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Deploying a cross-cloud, GPU enabled Kubernetes cluster running on Oracle Cloud Infrastructure and Microsoft Azure using the interconnect
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Deploying a cross-cloud, GPU enabled Kubernetes cluster running on Oracle Cloud Infrastructure and Microsoft Azure using the interconnect

Solution Overview

Oracle and Microsoft have built a dedicated, high-throughput, low-latency, private network connection between Azure and Oracle Cloud Infrastructure data centers. Customers can use the connection to securely transfer data at a high enough rate for offline handoffs and to support the performance required for primary applications that span the two clouds. Customers can access the connection by using either Oracle FastConnect or Microsoft ExpressRoute, and they don’t need to deal with configuration details or third-party carriers.

The connection is currently available only in these areas:

  • Between the Oracle Cloud Infrastructure location in the US East (Ashburn) region and the Azure Washington DC (East US) location.

  • Between the Oracle Cloud Infrastructure location in the UK South (London) region and the Azure London (UK South) location.

IMPORTANT: This cross-cloud capability is currently in preview in Azure. To establish low latency connectivity between Azure and OCI, your Azure subscription must first be enabled for this capability.

You must enroll in the preview by completing this short survey form.

You will receive an email back once your subscription has been enrolled. You aren't able to use the capability until you receive a confirmation email. You may also contact your Microsoft representative to be enabled for this preview. Access to the preview capability is subject to availability and restricted by Microsoft in its sole discretion. Completion of the survey does not guarantee access.

This guide will walk you through deploying a cross-cloud Kubernetes cluster running on OCI and Azure using the interconnect.

This guide also has instructions for deploying GPU-enabled virtual machines as Kubernetes workers, configuring them for Kubernetes, configuring the Kubernetes cluster for running MPI jobs, and setting up GPU monitoring.

How is this different than using Kubernetes Federation (KubeFed)?

The cluster we are creating in this guide does not use Kubernetes Federation (KubeFed). In a KubeFed scenario, you would have multiple separate Kubernetes clusters and then use KubeFed to coordinate the configurations of these multiple clusters from a single API. KubeFed project is currently alpha.

In this guide's scenario, you deploy a single Kubernetes cluster that spans across OCI and Azure. You can think of the interconnect as an extension of your network. It gives you a dedicated virtual circuit between OCI and Azure. So, you are able to deploy a Kubernetes cluster (or any other cluster) by following the regular steps you would follow when you were deploying a Kubernetes cluster on a single cloud or on-premises. And after deployment, you will be managing a single cluster.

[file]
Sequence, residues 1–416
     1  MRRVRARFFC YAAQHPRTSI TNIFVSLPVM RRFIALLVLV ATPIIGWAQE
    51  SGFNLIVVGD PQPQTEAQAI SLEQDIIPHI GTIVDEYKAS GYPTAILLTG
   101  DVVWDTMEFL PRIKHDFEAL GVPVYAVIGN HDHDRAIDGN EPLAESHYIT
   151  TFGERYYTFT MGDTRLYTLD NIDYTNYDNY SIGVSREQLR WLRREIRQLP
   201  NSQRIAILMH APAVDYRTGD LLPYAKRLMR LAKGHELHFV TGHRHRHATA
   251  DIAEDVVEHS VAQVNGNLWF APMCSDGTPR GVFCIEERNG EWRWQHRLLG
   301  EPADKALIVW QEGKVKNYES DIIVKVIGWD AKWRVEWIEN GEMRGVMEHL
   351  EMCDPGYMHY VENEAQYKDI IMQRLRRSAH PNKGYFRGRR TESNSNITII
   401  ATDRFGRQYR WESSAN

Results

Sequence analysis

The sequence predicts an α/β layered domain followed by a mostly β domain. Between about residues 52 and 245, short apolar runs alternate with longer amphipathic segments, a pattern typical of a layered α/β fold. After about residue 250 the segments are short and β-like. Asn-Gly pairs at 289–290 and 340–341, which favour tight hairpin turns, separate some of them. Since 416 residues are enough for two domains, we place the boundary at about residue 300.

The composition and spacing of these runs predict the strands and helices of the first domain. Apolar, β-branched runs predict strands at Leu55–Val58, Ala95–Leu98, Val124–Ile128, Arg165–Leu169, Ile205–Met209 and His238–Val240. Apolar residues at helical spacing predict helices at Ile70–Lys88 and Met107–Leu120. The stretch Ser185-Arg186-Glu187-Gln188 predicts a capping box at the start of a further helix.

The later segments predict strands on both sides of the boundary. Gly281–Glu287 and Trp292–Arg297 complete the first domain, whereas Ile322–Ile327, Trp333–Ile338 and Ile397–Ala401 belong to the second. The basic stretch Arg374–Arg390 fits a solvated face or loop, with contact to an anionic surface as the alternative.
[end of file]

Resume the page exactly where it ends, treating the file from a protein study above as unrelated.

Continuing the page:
Why would you need a cross-cloud Kubernetes cluster?

There are several benefits of adopting a multi-cloud strategy. For this guide specifically, which deploys a GPU-enabled Kubernetes cluster for HPC workloads using the OCI/Azure interconnect, we can think about three main benefits:

1. Optimized ROI/Resource Utilization

Many of our customers use multiple clouds. One of the main pain points they have is optimizing the utilization of the resources they consume. Using a cross-cloud cluster opens the door to selectively run workloads across OCI and Azure depending on your requirements. It's really easy to tell Kubernetes how you want the job to be run.

For example, you can tell Kubernetes "I need this MPI job to run only on Kubernetes nodes that have NVIDIA Tesla V100 GPUs" or "I need to run this job in the nodes that are in our development namespace and located in the UK".

2. Security

The interconnect gives you a dedicated virtual circuit between OCI and Azure. The traffic does not go through the internet. You can even deploy a private Kubernetes cluster with nodes that have no public IPs.

3. High Availability/Disaster Recovery

Your cluster will be running on OCI and Azure. Even in an event of a provider scale issue, your cluster would still be accessible. For simplicity, this guide does not setup an HA Kubernetes cluster. You can check this link for deploying a highly available Kubernetes cluster.

Scope of this guide

The environment consists of the following resources. You can deploy virtual machines with different configurations (e.g. VMs that have multiple GPUs) depending on your needs.

  • 1 FastConnect circuit on Oracle Cloud Infrastructure
  • 1 ExpressRoute circuit on Microsoft Azure
  • 1 VM.Standard2.4 virtual machine running on OCI as the Kubernetes master
  • 1 VM.GPU3.1 virtual machine running on OCI as a Kubernetes worker for GPU workloads
  • 1 Standard NC6 virtual machine running on Microsoft Azure as a Kubernetes worker for GPU workloads.

Cloud Provider VM name VM shape (size) Region
OCI oci-k8s-master VM.Standard2.4 US East (Ashburn)
OCI oci-k8s-worker-1 VM.GPU3.1 US East (Ashburn)
Azure azure-k8s-worker-1 Standard NC6 East US

Step by step instructions for deploying a GPU enabled cross-cloud Kubernetes cluster running on Oracle Cloud Infrastructure and Microsoft Azure

Step 1. Configuring network

Step 2. Deploying the virtual machines

Step 3. Configuring the virtual machines

Step 4. Deploying a Kubernetes cluster

Step 5. Deploying Kubeflow

Step 6. Deploying the Kubeflow MPI Operator and creating a Tensorflow MPI job

Step 7. Monitoring GPUs with Prometheus and Grafana

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